What is the reason you want to achieve this goal? You will often hear this referred to as your “Big Why.” Identifying your WHY is the key to getting out of the rut and unlocking your ability to take action towards your goals.[1]

You need a deep understanding of your WHY to do what it takes to reach the finish line. It is the reason that you are able to commit your time, effort, and resources to accomplish this goal even when things are not going as planned.

Not sure what your “WHY” is? Take some time to brainstorm all the reasons you want to accomplish the goal. You may come across some that are obvious but superficial reasons, like making money or buying that house you always wanted. Those reasons are not your “WHY”.

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Instead, think about why you want to make money or buy that house: Is it because you want to provide a strong future for your family? Are you someone who wants to give back to the community? Are you deeply connected to helping other people succeed? Do you want to effect change in the world? The deeper reason is your “WHY”.

Once you identify your “WHY”, it is easier to find the energy to get motivated and take necessary action.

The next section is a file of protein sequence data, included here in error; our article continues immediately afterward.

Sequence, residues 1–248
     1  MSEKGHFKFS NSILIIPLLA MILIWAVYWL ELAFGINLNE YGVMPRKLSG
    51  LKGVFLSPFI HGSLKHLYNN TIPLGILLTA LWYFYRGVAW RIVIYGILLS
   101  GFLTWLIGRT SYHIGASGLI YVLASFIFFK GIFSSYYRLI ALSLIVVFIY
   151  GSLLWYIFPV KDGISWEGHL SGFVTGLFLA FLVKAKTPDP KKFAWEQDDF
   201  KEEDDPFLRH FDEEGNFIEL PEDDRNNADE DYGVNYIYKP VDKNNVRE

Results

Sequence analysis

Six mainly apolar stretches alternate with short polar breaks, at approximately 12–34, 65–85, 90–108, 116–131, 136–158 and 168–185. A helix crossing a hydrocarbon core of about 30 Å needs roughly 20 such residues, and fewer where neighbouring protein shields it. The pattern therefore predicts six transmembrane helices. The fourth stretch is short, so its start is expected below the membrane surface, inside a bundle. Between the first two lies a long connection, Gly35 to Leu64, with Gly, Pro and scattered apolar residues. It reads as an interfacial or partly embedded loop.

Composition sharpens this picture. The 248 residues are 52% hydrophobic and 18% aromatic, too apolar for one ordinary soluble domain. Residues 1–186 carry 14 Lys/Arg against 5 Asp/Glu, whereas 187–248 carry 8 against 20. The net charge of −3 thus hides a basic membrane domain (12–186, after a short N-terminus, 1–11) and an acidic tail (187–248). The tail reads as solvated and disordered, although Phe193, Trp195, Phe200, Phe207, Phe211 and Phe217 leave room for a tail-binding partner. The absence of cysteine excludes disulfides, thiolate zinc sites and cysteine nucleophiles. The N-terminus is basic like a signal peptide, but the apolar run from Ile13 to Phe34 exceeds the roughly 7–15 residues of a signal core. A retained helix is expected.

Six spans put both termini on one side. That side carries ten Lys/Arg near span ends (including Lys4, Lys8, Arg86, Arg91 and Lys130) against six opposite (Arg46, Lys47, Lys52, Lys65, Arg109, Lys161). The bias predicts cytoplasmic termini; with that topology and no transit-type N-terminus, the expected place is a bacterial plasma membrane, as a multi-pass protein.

3. Make It Real, Write It Down

When you write your goals down, you are 42% more likely to achieve them.[2] When you write things down, you’re forced to think about them. The visual representation of your goal serves as a reminder whenever you lose focus and a point of orientation when you feel lost.

Lastly from a learning perspective, your brain may respond better to the physical activity of writing the goal than the abstract activity of contemplating the goal.

Take the time to write down your goals. Here’s how:

  • Decide if you want to focus on quarterly or monthly goals.
  • Identify the projects and resources necessary to accomplish that goal.
  • Break those projects up into a chronology of tasks.
  • Allow those tasks to become your weekly goals. Write them down at the beginning of each week.
  • Use your weekly goals to inform your daily goals. Each morning, check in with your daily goals.

At first, it can take a while because you’re not used to putting them down on paper. Be patient and keep at it. Over time, these practices will become much easier, and you’ll eventually learn to take action toward your goals.

4. Tell a Friend